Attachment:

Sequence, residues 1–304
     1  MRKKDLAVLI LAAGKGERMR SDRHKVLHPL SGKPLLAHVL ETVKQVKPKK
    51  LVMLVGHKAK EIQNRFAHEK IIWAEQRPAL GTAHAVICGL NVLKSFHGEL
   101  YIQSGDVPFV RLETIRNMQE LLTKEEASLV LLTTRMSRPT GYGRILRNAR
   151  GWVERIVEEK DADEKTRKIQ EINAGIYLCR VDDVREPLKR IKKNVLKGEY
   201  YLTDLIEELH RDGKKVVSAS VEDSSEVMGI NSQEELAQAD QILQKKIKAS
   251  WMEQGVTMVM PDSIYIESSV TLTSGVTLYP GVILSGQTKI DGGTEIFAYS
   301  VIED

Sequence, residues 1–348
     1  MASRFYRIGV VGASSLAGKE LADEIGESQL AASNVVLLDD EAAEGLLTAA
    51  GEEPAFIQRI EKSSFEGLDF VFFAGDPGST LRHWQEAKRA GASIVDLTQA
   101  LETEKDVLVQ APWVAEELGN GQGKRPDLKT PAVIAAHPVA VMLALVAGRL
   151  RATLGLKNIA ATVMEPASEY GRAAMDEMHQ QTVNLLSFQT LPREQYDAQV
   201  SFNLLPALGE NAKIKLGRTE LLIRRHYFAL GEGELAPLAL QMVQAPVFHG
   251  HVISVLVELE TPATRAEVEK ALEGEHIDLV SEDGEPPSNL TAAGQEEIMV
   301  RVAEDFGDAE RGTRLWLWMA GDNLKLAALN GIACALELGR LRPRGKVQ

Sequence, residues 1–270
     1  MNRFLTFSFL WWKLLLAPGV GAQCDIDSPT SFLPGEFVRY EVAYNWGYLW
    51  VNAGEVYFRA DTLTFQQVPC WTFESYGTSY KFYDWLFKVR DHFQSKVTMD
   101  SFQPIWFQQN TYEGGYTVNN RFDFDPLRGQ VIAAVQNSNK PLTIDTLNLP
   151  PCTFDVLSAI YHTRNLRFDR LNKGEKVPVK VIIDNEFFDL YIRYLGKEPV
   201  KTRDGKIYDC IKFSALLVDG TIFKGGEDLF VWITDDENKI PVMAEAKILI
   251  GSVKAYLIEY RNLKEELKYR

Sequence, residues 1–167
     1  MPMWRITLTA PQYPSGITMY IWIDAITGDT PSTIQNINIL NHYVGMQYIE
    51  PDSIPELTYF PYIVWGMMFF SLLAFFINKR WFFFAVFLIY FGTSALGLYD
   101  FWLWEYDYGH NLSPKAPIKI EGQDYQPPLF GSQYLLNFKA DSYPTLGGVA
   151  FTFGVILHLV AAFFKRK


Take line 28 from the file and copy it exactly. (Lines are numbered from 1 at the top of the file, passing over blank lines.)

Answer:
   151  FTFGVILHLV AAFFKRK